INSTRUCTORS Raffi Hovasapian John Zhu

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• ## Related Books

 0 answersPost by James Xie on June 21, 2012For the x^2 4x 1 question, couldn't the answer be x=rad(3)-2 ? (or x=rad(3) 2)?

### Conic Sections

• Parabolas: and
• Circles:
• Ellipses:
• Hyperbolas: and
• Completing the square
• To create an expression ready to “unfoil”
• Transform to standard conic sections form

### Conic Sections

Graph f(x) = x2
• f(0) = 0
• f(1) = 1 , f(−1) = 1
• f(2) = 4 , f(−2) = 4
• f(3) = 9 , f(−3) = 9
Graph y = (x−2)2 + 4
• This is the same as the graph of y = x2, but shifted up 4 units, and 2 to the right
Graph y = x2 + 2x + 3
• y = x2 + 2x + 3
• = x2 + 2x + 1 + 2
• = (x + 1)2 + 2
• y = x2 shifted up 2, and 1 to the left.
Graph x2 + y2 = cos2 x + sin2 x
• x2 + y2 = cos2 x + sin2 x
• x2 + y2 = 1
• y2 = 1 − x2
• y = ±√{1 − x2}
• The domain must be such that we're taking the sqrt of a non-negative number. So 1 − x2≥ 0.
• 1 − x2≥ 0
• x2≤ 1
• −1 ≤ x ≤ 1
• We can take advantage of some symmetry here. Because of the plus or minus, we know that every x will have a positive and negative solution with the same absolute value. In other words, f(x) = c and -c. Also, this is an even function, so we have symmetry about the y-axis. We only need to find values for one quadrant, and just mirror those values.
• f(0) = 1
• f(.5) ≈ 0.9
• f(.75) ≈ .7
• f(1) = 0
Graph x2 − y2 = 1
• This is the equation of a hyperbola. As |x| gets large, the equation approaches the following two asymptotes
• x2 − y2 = 0
• y2 = x2
• y = ±x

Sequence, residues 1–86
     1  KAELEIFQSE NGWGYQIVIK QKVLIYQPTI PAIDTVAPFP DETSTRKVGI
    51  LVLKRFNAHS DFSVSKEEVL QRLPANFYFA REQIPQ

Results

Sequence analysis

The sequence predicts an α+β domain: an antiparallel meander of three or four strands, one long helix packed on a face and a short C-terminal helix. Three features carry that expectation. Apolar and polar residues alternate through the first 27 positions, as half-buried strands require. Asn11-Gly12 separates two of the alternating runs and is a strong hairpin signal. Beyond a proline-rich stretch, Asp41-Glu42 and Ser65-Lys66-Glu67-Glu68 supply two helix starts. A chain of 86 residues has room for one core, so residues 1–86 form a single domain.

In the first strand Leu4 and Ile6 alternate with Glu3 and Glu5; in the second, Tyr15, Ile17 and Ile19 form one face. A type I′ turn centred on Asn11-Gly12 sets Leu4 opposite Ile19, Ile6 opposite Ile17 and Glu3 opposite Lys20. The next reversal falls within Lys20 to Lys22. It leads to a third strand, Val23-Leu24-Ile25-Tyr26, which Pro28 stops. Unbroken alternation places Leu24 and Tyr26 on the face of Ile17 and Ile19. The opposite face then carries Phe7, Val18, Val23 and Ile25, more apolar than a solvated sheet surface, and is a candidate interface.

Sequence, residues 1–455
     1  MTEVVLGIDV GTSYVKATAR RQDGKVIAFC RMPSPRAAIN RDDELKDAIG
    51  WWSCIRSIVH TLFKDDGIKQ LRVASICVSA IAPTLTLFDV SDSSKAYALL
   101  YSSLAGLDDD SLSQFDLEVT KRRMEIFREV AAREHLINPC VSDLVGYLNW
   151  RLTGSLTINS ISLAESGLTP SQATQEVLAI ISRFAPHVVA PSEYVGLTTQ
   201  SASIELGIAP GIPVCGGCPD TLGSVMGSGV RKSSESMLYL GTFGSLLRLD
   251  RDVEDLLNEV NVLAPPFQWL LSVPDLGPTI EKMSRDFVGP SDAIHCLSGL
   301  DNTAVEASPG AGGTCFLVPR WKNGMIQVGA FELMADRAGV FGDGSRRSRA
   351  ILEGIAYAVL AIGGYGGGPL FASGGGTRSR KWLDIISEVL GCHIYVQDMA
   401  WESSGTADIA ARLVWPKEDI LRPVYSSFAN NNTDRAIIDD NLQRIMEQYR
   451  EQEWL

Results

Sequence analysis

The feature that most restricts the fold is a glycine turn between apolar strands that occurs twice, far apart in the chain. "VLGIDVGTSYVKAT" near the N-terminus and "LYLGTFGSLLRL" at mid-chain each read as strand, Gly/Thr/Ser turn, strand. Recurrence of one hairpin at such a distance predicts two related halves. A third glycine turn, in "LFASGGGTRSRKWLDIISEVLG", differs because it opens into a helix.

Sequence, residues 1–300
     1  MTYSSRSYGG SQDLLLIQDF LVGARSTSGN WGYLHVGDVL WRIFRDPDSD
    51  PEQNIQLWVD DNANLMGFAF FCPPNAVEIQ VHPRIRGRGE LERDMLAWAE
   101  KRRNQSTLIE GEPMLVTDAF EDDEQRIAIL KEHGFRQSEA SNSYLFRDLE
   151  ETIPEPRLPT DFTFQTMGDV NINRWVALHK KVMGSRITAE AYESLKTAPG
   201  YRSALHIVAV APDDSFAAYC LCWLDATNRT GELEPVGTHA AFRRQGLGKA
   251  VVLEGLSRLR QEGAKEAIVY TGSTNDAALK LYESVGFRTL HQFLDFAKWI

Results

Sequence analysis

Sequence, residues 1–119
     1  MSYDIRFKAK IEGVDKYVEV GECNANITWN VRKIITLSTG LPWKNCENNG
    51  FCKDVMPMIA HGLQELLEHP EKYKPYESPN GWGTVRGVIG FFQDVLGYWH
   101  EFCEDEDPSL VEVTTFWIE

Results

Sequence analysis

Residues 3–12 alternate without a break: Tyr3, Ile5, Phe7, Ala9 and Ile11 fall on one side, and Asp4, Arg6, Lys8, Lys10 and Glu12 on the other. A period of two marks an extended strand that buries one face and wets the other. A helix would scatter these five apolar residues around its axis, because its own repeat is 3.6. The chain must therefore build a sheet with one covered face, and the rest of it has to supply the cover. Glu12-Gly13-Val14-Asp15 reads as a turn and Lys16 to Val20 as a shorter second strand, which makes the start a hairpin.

• Determine the y-intercepts
• 0 − y2 = 1
y = √{−1}
• That's an imaginary number. This means that at no point does the graph cross x = 0. Finding the x-intercepts...
• x2 − 0 = 1
x = ±1
Graph (x − 2)2 + (y − 1)2 = 4
• That's the equation of a circle with its center moved 2 to the right and up one unit with radius √4 = 2.
Graph (x − 2)2 − (y − 1)2 = 4
• Asymptote lines are
(x − 2)2 − (y − 1)2 = 0
(y − 1)2 = (x − 2)2
y − 1 = ±(x − 2)
y = 1 ±(x − 2)
y = x − 1, 3 − x
• y-intercepts
(0 − 2)2 − (y − 1)2 = 4
4 − (y − 1)2 = 4
(y − 1)2 = 0
y = 1
• x-intercepts (x − 2)2 − (0 − 1)2 = 4
(x − 2)2 − 1 = 4
(x − 2)2 = 3
x − 2 = ±√3
x = 2 ±√3
x = 2 + √3, 2 − √3
Graph ([x/2])2 + ([y/3])2 = 1
• This is the equation of an ellipse extending out 2 on the x-axis, and 3 on the y-axis from the center. In this case, the center is at 0,0.
Graph ([(x + 1)/3])2 + ([(y − 5)/2])2 = 16
• This is the equation of an ellipse with its center at -1, 5. To find out how far out the ellipse goes on each respective sides, plug in the center values.
• ([(−1 + 1)/3])2 + ([(y − 5)/2])2 = 16
([(y − 5)/2])2 = 16
[(y − 5)/2] = ±4
y − 5 = ±8
y = 5 ±8
y = 13, −3
• ([(x + 1)/3])2 + ([(5 − 5)/2])2 = 16
([(x + 1)/3])2 = 16
[(x + 1)/3] = ±4
x + 1 = ±12
x = −1 ±12
x = −13, 11
Graph x2 + 6x = −y2 + 4y
• Completing the squares:
x2 + 6x = −y2 + 4y
x2 + 6x + y2 − 4y = 0
x2 + 6x + 9 − 9 + y2 − 4y + 4 − 4 = 0
(x + 3)2 − 9 + (y − 2)2 − 4 = 0
(x + 3)2 + (y − 2)2 = 13
• This is a circle with center [-3, 2] and radius √{13}

*These practice questions are only helpful when you work on them offline on a piece of paper and then use the solution steps function to check your answer.

### Conic Sections

Lecture Slides are screen-captured images of important points in the lecture. Students can download and print out these lecture slide images to do practice problems as well as take notes while watching the lecture.

• Intro 0:00
• Types of Conic Sections 0:06
• Parabolas
• Circles
• Ellipses
• Hyperbolas
• Complete the Square 6:40
• Example: Conic Sections 9:08
• Example 2: Conic Sections 10:59
• Example 3: Graph Conic Sections 12:21